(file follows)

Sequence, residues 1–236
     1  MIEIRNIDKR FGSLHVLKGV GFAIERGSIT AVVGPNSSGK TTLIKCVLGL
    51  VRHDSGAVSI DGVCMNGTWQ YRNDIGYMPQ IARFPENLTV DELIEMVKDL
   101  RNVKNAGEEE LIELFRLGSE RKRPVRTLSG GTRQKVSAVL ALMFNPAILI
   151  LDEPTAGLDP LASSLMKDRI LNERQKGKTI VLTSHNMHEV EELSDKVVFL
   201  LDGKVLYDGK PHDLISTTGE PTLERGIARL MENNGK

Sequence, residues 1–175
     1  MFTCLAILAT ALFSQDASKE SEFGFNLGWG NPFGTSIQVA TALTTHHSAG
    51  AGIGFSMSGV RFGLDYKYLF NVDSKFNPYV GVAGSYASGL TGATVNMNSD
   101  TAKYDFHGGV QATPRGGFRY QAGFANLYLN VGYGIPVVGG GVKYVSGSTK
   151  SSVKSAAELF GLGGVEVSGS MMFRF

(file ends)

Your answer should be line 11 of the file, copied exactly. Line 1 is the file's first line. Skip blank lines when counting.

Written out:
   151  SSVKSAAELF GLGGVEVSGS MMFRF